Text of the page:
London's motivation for this data is unclear. Many believe the "deep state" security services MI5 and 6 are behind the request. Unofficial opposition to the Irish peace process from those services has been at work since the 1998 pact was signed. This phenomenon was noted by Wall Street Journal editor Bret Stephens describing the opposition of Egypt's corrupt institutions and Egyptian generals despite the removal of the Mubarak family.

Attempts at peace and reform in Northern Ireland face the same forces.

For example: * The Historical Enquiries Team reviewing nearly unsolved 900 killings, mostly Catholic, has now been "packed" with retired officers who can "clean up" and "expedite" the review of England's dirty war.

* Britain refuses to cooperate and provide records (ironic isn't it) to Ireland for the largest massacre of the conflict, the Dublin-Monaghan bombings. Almost all those identified as involved were either members of the Ulster Defense Regiment of the British army or working under the direction of British army handlers.

* Perhaps the most hypocritical development was Prime Minister Cameron's unilateral dismissal of the agreement's provision to provide a public inquiry into the murder of attorney Patrick Finucane - a murder planned by security and vigilante forces.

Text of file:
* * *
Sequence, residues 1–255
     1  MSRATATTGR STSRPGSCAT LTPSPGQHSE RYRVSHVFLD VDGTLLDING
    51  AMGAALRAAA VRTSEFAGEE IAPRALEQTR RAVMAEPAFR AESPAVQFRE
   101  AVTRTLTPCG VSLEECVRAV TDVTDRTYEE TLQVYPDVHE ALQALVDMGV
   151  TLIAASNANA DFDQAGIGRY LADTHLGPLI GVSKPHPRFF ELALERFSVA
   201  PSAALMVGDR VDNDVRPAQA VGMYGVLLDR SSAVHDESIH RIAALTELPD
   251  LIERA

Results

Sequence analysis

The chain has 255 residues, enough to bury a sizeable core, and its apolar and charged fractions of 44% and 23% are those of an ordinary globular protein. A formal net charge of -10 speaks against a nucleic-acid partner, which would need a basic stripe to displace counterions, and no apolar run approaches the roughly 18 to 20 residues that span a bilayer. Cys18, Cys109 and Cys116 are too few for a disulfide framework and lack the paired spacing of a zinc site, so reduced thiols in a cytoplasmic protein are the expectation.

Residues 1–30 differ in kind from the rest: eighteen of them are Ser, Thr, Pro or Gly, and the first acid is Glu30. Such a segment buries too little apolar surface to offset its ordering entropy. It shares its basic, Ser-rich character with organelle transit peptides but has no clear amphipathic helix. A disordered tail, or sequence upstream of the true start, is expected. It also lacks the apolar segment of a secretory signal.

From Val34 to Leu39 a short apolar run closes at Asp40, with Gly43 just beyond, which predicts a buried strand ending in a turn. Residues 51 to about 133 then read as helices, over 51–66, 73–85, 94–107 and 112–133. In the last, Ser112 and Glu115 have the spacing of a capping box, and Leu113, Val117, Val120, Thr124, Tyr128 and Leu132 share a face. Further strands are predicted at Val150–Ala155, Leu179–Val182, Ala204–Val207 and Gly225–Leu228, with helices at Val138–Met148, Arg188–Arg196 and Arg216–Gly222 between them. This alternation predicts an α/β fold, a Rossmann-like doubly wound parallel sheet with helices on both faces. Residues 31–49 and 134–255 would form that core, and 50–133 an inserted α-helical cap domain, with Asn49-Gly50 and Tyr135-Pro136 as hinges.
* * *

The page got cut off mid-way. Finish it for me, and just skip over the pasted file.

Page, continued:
Is this not the essence of contempt? Her majesty's government expects the U.S. to engage in political smear and turn a blind eye to their disemboweling of the Belfast Agreement while asking America's chief law enforcement officer to ignore their murder of an officer of the court.

There is a statutory requirement that the Departments of Justice and State consult on requests to determine if the investigation violates American values, supports American policies, and is a bona fide criminal investigation.

The contents of this consultation are, however, apparently secret, even to members of Congress. No one knows, for example, if State questioned the wisdom of sharing any data with the much politicized police force whose murdering partnerships with loyalist thugs were the subject of the Stevens report - a study so scandalous only a short summary could be published.